September 21 2017
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Make in India pitched to Auto Industry at the 5th Annual ACMA conference

The Automotive Component Manufacturers Association of India (ACMA) represents the automotive industry and is as close to an Automotive Industry Consortium as we can get. The 55th Annual ACMA conference took place today with a wide range of manufacturers such as Suzuki, Ashook Leyland, McKinsey and Company and Shiram in Attenddance along with the Union Minister of Finance, Jayant Sinha and Minister of heavy Industries and Public Enterprises, Anand Geete pitching the ‘Make In India’ campaign to the auto industry.

So, what is the vision laid out at this year’s ACMA conference? Well, we have put out a simple Q &A explaining that.

 Who does ACMA represent? What is its role in the auto industry?

ACMA represents 700 companies, including both large scale and small scale manufacturers. The automotive industry has been on a growth trajectory, but ever since the 2008 downturn has faced severe crisis and only now has started recovering from the shock, generating 11.1% growth in 2014-15. Exports though have seem to have been stabilized owing to a greater reach of the Indian Automobile industry. But, despite this growth, the Indian automotive industry still has imports than exports, which is something the Make in India campaign seeks to address. Asia has been the largest automotive importer and this needs to change. Taking manufacturing local not only creates employment in India, but furthers sustenance and lowers cost of production. It also leads to a better impact on the global market and attracts global investors.

What is the vision for the Indian auto industry?

The Indian automotive industry has contributed significantly to the Indian economy, yet it has still a lot of ground to cover, whether it be the reach to Tier-2 and Tier-3 cities, or setting up local manufacturing or in fact, quality manufacturing.

India severely lags behind in Automobile technology vis-a-vis countries such as the United States, Japan and Germany. How can that be addressed?

The larger picture states that engine technology would be the driver for the future. This is something the Indian industry lags behind in, and yet the only way to go forward. India is slowly becoming a low-cost destination for automobiles, yet we still lag behind manufacturing giants such as Japan. As ACMA has shown us, all the resources are here, yet there is a long way to go. Greasing the wheels of the automotive industry expansion in India is possible with competent technology in the driving seat. The Indian automotive industry needs a push, such as the one the space industry has got with Managalyaan, which has given it its unique identity as a low-cost space launch destination. Many STEM (Science, Technology, Engineering and Mathematics) graduates move out of the country rather than contributing to the domestic industry. The solution suggested for this problem was to create ground-up solutions for the industry in the long term, a tie-up between suppliers and manufacturers. The motivation and resources have to be created by the client for the supplier. In simple terms, the client should be involved in supplier chain R &D to make it viable.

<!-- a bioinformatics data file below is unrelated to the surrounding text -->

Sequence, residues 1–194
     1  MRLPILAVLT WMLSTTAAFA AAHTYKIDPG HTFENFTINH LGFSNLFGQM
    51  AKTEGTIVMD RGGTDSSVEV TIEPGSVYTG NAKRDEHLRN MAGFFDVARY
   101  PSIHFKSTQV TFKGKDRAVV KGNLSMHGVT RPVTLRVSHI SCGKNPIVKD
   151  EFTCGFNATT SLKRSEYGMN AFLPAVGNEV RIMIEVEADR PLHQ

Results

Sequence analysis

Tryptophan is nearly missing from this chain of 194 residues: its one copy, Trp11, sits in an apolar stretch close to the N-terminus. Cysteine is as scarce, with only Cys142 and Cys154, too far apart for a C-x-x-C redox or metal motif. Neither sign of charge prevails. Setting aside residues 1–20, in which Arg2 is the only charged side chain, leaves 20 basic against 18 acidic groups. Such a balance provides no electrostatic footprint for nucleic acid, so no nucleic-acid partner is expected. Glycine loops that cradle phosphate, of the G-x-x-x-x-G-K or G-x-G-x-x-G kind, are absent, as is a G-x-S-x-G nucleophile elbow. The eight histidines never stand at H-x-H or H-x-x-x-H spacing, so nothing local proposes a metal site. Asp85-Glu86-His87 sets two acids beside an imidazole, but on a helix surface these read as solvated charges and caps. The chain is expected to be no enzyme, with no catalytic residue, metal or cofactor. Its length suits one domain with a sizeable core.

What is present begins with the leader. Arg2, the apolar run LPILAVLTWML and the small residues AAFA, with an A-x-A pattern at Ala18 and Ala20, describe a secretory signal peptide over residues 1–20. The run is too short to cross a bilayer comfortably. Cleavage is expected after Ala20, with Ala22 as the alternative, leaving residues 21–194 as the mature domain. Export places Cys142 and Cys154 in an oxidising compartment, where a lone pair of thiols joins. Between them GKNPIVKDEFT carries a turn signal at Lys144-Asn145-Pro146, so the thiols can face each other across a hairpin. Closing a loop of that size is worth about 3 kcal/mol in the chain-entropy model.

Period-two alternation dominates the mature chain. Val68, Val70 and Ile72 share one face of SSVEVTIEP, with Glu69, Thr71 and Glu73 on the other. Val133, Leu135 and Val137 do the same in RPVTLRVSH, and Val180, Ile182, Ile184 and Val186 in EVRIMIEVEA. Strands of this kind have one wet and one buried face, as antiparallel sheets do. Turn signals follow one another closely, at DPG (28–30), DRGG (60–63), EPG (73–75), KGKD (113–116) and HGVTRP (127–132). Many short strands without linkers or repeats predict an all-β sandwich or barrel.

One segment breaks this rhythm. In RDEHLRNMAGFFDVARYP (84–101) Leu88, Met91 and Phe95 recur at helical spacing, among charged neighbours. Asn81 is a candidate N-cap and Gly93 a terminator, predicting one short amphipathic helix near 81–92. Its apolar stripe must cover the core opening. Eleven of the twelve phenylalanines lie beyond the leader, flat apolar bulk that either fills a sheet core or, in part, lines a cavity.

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What is the auto industry’s response to the Make in India campaign?

While the Make in India campaign focuses on skill empowerment and industry consolidation, but focus on manufacturing technology is yet to pick up.

What is the future vision for the auto industry under Make in India?

The Government of India and the Indian Automotive Industry have formed the Automotive manufacturing Plan 2016-2026 to create a roadmap for vehicle, auto-components and tractor Industry growth. AMP 2026 seeks to define the trajectory of automotive growth in India, including government regulations and policies, import, export and manufacturing.

The McKinsey report puts a realistic take on the Make in India campaign and points out that the burgeoning growth in this industry is still way behind global standard.

The panel discussion at the event took place between Dr. Pawan Goenka,  Executive Director & Group President (Automotive & Farm Sector), Member of Group Executive Board, Mahindra & Mahindra, Mr Anant Talaulicar, Chairman & Managing Director, Cummins India, Mr Harish Lakshman, Managing Director, Rane TRW Steering Systems, Mr. Claude d’Gama Rose, Managing Director, Continental Automotive Components (India), Mr Vinod K Dasari, President, SIAM & Managing Director, Ashok Leyland and Dr Rajan S Katoch, Secretary, Department of Heavy Industry, Ministry of Heavy Industries & Public Enterprises, Government of India. 

While there were brands such as Bosch at the event, there were some other interesting brands that had set up stalls at the event. Some worth mentioning were – Mira Technology Park, which acts as engineering consulting with a main vision geared towards transport, Stratasys which services the auto industry through parts manufactured via 3D printers and Salalah Free Zone, which set up their stall to impress upon Indian Auto manufacturers to set up plants in Salalah Special Economic Zone in Oman.

Overall, the ACMA 2015 was a meeting of minds from the auto industry geared towards hard truths, future visions and practical solutions geared to make India an automobile manufacturing in real terms and lend the whole concept of Make in India some practicality and vision.

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